Two items, each a half century old or so, have suddenly appeared on CD. No, neither is really a Broadway musical, despite being originally produced in a Broadway theatre. Both were quite remarkable in their time, if less than commercially successful, and are most welcome on CD.
THE SAINT OF BLEECKER STREET [Chandos CHAN 9971]
A full-scale opera opens at the Broadway. "A magnificent theatrical experience, the most powerful drama of the season," says the Times. "A work of bold and stunning theatrical effectiveness, both as a musical work and as a drama," says the News. It wins two of the three big prizes, the Pulitzer and the Drama Critics Award. (The Best Musical Tony is taken byThe Pajama Game.) Despite wide acclaim and strong reviews, Gian Carlo Menotti's 1954 Saint of Bleecker Street limps along for three months and closes after 92 performances. The original cast album (from RCA) quickly goes out-of-print, and the show — rather, the opera — is never heard of along Broadway again.
"Why quibble over terms?" asked Harriet Johnson of the Post. "Despite the fact that the Broadway habitues are afraid of the word 'opera,' there is little doubt but that Menotti has written such a 'bete noir.' One that, amazing as it may seem, we quickly recommend to any theatregoer who can take tragedy as well as comedy in his stride. Following in the footsteps of Puccini and Mascagni, the composer has created a work in the Italian "verismo" tradition complete with murder tinged with his own haunting gift for fantasy. This Saint casts a somber spell, but one pierced by moments of agonizing melodrama and theatrical flamboyancy."
Strong, yes, but not strong enough to withstand the "opera" label. I mean, it's Saturday night and which would you rather see? Riotous strike-breakers in tights in Dubuque, Mary Martin in tights in Neverland, or a skinny saint in Little Italy?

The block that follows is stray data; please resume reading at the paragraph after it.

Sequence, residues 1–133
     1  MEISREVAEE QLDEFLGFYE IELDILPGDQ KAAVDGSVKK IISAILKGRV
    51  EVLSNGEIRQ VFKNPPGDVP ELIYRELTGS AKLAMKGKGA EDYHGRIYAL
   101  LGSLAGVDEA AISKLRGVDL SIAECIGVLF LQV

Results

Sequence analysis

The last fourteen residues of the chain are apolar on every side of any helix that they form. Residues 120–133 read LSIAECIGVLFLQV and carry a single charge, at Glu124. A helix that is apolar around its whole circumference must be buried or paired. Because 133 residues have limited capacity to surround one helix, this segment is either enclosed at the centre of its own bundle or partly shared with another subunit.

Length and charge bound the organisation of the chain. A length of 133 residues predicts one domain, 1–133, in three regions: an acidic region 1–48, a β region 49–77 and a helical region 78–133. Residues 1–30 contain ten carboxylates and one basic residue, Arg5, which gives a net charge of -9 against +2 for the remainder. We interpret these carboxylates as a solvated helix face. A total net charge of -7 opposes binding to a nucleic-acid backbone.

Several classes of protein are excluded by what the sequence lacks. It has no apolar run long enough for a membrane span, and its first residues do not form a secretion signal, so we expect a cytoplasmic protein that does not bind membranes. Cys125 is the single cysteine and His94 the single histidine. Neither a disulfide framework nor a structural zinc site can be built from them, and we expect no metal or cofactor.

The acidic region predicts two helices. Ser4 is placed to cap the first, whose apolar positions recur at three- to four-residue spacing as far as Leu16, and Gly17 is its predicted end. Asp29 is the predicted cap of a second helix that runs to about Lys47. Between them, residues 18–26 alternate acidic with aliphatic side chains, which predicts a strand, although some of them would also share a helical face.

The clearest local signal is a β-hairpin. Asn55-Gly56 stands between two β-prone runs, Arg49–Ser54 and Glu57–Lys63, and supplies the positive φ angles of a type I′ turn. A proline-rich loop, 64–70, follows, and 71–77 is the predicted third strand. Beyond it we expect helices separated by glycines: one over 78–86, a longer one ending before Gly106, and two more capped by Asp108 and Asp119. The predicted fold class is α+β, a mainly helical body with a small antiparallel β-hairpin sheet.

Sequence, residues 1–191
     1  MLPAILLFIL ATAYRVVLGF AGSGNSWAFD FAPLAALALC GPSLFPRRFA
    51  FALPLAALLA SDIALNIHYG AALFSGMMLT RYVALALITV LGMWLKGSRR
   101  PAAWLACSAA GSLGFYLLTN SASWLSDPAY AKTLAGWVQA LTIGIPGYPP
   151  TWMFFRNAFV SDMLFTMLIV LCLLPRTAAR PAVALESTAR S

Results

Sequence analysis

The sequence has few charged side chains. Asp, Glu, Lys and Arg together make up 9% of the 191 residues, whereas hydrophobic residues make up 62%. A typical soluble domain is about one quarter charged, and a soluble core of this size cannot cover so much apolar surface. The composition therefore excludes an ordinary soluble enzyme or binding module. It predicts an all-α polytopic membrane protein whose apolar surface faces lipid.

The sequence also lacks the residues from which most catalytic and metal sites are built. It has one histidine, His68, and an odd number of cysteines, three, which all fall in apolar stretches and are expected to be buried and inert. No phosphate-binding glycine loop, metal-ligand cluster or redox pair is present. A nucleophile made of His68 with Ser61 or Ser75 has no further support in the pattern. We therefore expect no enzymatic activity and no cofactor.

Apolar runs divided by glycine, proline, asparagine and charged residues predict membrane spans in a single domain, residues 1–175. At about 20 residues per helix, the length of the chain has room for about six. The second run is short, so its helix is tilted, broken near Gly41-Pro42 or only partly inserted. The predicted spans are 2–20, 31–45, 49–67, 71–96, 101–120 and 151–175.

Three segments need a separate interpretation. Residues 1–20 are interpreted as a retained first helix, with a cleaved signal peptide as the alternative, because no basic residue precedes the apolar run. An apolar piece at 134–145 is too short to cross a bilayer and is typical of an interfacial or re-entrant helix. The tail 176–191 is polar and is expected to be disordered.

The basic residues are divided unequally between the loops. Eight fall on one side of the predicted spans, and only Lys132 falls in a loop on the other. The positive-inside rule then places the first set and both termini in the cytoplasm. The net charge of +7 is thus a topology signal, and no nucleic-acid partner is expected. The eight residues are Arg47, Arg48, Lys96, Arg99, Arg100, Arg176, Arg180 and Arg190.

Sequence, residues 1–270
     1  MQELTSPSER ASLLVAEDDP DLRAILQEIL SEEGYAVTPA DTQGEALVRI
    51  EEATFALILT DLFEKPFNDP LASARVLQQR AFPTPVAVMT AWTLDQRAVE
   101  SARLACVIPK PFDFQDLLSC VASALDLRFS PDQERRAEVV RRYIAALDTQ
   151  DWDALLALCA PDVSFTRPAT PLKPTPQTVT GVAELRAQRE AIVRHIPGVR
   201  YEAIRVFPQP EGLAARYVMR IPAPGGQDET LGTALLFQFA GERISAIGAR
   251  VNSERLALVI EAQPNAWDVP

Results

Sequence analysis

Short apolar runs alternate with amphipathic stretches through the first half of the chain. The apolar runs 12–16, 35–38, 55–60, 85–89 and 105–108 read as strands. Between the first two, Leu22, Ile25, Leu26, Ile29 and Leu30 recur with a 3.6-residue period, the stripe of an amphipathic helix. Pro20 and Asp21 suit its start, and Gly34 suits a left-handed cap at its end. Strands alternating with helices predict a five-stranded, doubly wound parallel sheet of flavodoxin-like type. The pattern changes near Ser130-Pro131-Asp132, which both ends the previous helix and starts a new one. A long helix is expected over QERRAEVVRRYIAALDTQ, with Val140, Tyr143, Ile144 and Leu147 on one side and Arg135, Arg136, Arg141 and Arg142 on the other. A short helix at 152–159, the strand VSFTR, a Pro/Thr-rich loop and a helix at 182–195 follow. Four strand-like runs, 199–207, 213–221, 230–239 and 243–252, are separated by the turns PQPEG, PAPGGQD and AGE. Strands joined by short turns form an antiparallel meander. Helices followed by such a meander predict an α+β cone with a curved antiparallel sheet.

Unlike Menotti's other operas,The Saint takes place in America — on Bleecker Street, only a few blocks east of Broadway. The immigrant faithful have hailed the young girl Annina a saint. "A sickly child who never grew, a simple mind in a pain-pierced body," she is; "numb-skull," the kids in school used to call her. But one Good Friday she was blessed with the stigmata; since then, the lame and blind and mute and devout throng around her. Her brother Michele, a rebellious non-believer, will have none of this. He forbids Annina to participate in the San Gennaro Day festival. Neither Annina nor Michele have a choice, though; the men of the neighborhood beat Michele to the ground, handcuff him to the playground fence on Mulberry Street, and carry Annina off to church. How's that for an Act One curtain?
The second act ends on an even more bloody note. Michele has spurned his mistress Desideria, an outcast girl of the neighborhood. When he passes one insult too many, she lays him low with the all-too-apparent truth: He is secretly in love with Annina. Ah, incest! This enrages Michele so much that he stabs Desideria in the back with a bar knife. She falls in Annina arms, with the latter saying a prayer as Desideria lay dying. Act Three ends, needless to say, with Annina's death. Michele, on the lam, returns to prevent his sister from taking the veil. He bursts in, but too late. Annina rises to receive "the ring of faith," falling dead to the stage floor as the priest slips the gold ring on her finger.
From all reports, The Saint of Bleecker Street was remarkably haunting at the Broadway. Composer-lyricist-librettist-orchestrator Menotti was a staging wizard as well; he set his piece to highly praised sets by Robert Randolph, in the style of painter George Tooker. Conductor Thomas Schippers had a 56-piece orchestra at his disposal, presumably the largest Broadway orchestra of the last half-century, and minimums be damned.